We adopted people.  Sometimes with the Haudenosaunee, we go to war and if they killed too many of us we adopt some of their people to kind of pick up the slack. And those people were now Anishinaabe or the other way around. You know, if they kidnapped us we were now Mohawk. It didn’t matter who our parents were, we were now adopted. 

You can still do that, you know, be formally adopted into the Haudenosaunee.  There’s rules and responsibilities around it but it’s got nothing to do with your blood quantum. It’s who your community is. Is that where that comes from? Is that rooted in blood quantum, that disenrollment?

Alaina:  I would say that’s definitely a big part. That’s what they will point to “Well, they’re not in the blood rolls” even though they know that plenty of Dawes’ Commissioners and people around the process would say, go to the Freedmen tent.  Even when they would say “Well, no, I, my mother was Cherokee, or my dad was Chickasaw” and there were legal fights for years over this. Whether or not someone’s ancestry, if they were Black, actually matters, essentially

Kerry:  I really find, what I am finding, I don’t know if it’s fascinating. I’m almost sitting here going “Wow, this is not ancient.” It’s not like 100 year history you’re talking about. We’re talking about this amping up in the 50s in the 60s, 70s even. And what would have brought that into effect?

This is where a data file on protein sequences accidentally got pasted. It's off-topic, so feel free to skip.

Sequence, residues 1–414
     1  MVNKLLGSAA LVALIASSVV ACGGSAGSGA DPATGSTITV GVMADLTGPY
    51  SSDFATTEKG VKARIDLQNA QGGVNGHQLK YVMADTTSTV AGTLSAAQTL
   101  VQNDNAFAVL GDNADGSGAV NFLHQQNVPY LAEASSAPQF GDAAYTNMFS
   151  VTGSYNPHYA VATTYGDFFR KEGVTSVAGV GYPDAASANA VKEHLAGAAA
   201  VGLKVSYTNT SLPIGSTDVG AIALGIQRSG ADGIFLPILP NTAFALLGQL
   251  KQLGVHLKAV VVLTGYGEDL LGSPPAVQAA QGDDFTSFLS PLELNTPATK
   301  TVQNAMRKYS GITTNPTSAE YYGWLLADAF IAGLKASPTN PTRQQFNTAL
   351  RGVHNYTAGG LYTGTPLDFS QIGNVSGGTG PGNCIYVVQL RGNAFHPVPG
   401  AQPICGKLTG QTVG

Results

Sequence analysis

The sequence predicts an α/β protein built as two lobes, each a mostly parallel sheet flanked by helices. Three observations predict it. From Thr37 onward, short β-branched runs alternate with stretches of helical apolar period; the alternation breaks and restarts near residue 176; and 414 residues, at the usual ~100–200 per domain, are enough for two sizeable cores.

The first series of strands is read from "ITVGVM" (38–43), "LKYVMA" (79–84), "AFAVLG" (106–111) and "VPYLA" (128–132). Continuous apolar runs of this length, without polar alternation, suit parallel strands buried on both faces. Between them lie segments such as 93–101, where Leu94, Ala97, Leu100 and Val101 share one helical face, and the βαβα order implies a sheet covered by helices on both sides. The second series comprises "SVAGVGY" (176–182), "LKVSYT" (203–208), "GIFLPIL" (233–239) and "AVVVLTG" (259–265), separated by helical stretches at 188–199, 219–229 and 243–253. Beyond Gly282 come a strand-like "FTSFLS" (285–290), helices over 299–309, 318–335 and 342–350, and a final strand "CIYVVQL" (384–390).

Patty:  What shifted.

Kerry:  Yeah.  Yeah, like, I feel like we’re missing a gap there. Like what shifted so that they really were like “Nah, man, they gotta come completely off the rolls.”  What happened in that space?

Alaina:  I think that’s still the question. I think there is so much work to be done that I’m not sure can be done, because you would have to go into tribal records? Are they going to provide minutes in which they talk about how can we get rid of these people?

Patty:  They might. I’m surprised by what people documented?

Alaina:  That’s true.

Patty:  Because they didn’t think there was anything wrong with it, right? Like, when you don’t know, when you don’t think there’s anything wrong with it, you write that stuff down. Because you think you’re justified. Right?

Kerry:  True, actually, isn’t that so real, though our worldview changes on things. So what I’m hearing you say is that this is a, it’s really almost a novel unraveling that’s happening here. Like it’s, you’re only in the beginnings of truly understanding what has created this space now.  So as the Freedmen are trying to reclaim … what is it like now? What is it? Resistance? Or is there kind of a softening happening, where Indigenous folk are willing to take a look?

Alaina:  At least on Twitter, which I know is not necessarily representative of what’s going on the ground, I have seen a lot more kind of acknowledgement of Freedmen history and that like these people have history with us, they should be considered Indian, we need to fight this in our own tribes.

I think people like Marilyn Vann, who is a Cherokee Freedmen and who led the court battle in the United States, are amazing because they really are doing a lot of work to change opinions on the ground and working with people.

But I think a lot of the older generation may never change. And I mean just what people say about race and racism in the US that a lot of younger people have more kind of inclusive ideas. And some of the older people don’t but I don’t know, it’s kind of hard to gauge.